OKCís credit rating leads to stellar bond salePublished: Thursday, March 29, 2018 By: Brian Brus Source: The Journal Record
Competition was tight for buyers of Oklahoma City’s latest round of general obligation bonds Tuesday, city Finance Director Craig Freeman said.
The city’s history of strong credit ratings and conservative fiscal policies is expected to provide coattails later this year for an unrelated bond issuance used to build the new Omni convention center hotel downtown, he said.
“If you look at the spreads we got, the numbers are really close,” he said. “It was a very successful sale and representative of our triple-A bond rating and the leadership of our city departments.”
City Council members found out at the end of Tuesday morning’s meeting that the sale of nearly $124 million in debt was better than expected. Citigroup Global Markets won the first, tax-exempt bond series at a bid of 3.1659-percent annual interest rate for a total of $82.75 million. The sale attracted 11 potential buyers, with the runner-up bidding 3.1693 percent.
The second bond series sold Tuesday, a taxable bond worth $40.99 million, had 10 bidders. Those bonds sold to Raymond James & Associates for a 3.41-percent interest rate.
City residents authorized the deals in late 2017 when they voted on 13 general obligations bond propositions worth a total of nearly $1 billion. That debt is a normal part of municipal government management to finance improvements in infrastructure such as streets, bridges, traffic control, parks, mass transit, drainage and police facilities. Bonds will be sold piecemeal over the next several years until the full amount is depleted and voters are asked to approve a new bundle. The funds provided through the debt issuance will be paid off by annual ad valorem tax levies at an average of 16 mills.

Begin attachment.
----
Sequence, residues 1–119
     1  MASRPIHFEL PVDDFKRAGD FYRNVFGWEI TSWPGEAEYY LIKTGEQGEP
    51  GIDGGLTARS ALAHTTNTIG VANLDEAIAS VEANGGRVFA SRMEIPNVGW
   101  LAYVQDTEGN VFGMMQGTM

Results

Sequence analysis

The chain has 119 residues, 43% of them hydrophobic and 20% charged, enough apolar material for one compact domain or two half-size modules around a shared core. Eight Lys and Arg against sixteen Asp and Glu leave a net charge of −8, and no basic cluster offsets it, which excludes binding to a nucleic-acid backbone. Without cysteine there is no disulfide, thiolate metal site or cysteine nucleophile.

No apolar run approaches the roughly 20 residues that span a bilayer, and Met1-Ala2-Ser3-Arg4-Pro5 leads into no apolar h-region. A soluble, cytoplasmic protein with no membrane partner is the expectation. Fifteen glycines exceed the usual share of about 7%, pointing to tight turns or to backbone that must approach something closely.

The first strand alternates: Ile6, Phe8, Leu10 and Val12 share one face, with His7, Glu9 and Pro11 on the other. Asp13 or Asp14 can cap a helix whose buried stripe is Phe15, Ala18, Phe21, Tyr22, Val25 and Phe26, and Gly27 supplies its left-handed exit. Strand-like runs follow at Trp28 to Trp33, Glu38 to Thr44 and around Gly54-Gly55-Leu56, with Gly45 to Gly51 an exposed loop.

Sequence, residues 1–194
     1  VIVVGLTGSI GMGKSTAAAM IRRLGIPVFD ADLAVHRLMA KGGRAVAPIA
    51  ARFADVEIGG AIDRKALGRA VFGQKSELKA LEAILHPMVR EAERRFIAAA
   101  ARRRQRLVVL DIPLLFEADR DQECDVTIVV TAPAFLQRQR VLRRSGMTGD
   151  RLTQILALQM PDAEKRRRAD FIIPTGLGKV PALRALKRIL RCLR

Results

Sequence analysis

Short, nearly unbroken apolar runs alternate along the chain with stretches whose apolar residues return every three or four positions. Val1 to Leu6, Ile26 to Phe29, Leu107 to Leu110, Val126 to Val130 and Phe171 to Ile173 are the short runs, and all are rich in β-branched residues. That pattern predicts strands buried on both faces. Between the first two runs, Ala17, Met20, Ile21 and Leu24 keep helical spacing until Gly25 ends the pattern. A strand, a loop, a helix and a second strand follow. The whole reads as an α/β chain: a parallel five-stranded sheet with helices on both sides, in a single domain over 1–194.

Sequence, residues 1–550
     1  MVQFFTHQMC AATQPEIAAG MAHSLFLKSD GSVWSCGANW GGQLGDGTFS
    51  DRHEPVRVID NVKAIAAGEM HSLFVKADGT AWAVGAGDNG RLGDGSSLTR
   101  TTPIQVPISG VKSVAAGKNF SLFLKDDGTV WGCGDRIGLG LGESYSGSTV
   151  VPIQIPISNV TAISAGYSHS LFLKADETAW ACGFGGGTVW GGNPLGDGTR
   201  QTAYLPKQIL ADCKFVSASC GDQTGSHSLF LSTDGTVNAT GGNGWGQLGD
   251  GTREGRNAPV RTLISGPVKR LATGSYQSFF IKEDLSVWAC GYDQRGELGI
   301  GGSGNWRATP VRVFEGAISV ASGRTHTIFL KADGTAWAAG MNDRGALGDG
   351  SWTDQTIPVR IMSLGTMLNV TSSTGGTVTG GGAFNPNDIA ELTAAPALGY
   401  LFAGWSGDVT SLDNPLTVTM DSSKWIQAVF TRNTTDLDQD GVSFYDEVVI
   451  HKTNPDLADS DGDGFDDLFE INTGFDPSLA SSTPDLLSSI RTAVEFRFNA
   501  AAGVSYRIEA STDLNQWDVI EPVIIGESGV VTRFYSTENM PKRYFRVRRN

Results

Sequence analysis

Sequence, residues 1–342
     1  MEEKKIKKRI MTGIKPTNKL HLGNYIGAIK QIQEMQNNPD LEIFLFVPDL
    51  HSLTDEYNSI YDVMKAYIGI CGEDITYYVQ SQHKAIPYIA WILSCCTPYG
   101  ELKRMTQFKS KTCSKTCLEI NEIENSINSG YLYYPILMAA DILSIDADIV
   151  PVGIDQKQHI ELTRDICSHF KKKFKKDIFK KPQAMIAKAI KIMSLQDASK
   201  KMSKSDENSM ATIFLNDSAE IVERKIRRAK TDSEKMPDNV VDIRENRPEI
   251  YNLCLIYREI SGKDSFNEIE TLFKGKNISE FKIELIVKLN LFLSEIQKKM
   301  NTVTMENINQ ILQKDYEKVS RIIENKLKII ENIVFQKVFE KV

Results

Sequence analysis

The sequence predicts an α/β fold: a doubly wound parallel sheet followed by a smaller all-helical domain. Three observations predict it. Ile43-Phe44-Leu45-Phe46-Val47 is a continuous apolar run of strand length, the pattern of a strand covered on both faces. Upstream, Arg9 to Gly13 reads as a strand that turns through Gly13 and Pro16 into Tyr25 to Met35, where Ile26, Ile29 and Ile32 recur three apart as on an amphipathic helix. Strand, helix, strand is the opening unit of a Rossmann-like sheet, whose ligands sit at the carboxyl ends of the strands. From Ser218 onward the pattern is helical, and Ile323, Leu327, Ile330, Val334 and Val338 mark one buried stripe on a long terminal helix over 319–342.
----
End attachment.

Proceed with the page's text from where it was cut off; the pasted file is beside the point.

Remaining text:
In an unrelated measure, City Council members approved the sale of up to $106 million in bond debt for the purposes of financing and funding a portion of the cost of the Omni Convention Center Hotel and related improvements near the new Metropolitan Area Projects convention center. Bonds for the hotel will be backed by city sales tax revenue rather than ad valorem taxes. And instead of City Hall issuing the debt, it will be handled by the Economic Development Trust. The final council authorization by this summer will have more information about sale details, Freeman said. The interest rate will probably be a little higher than the GO bonds sold Tuesday.
“On a bond level like that, it’s not going to get the same level of investor risk comfort because of the nature of funding resources,” he said. “Property tax is as stable as you can get, and it’s being used for infrastructure, backed by the full faith and ability of the city.
“When you get to the trust, repayment is based on tax increment district revenues and other sources. It’s going to have to have the moral support of the city to guarantee payment on the bonds,”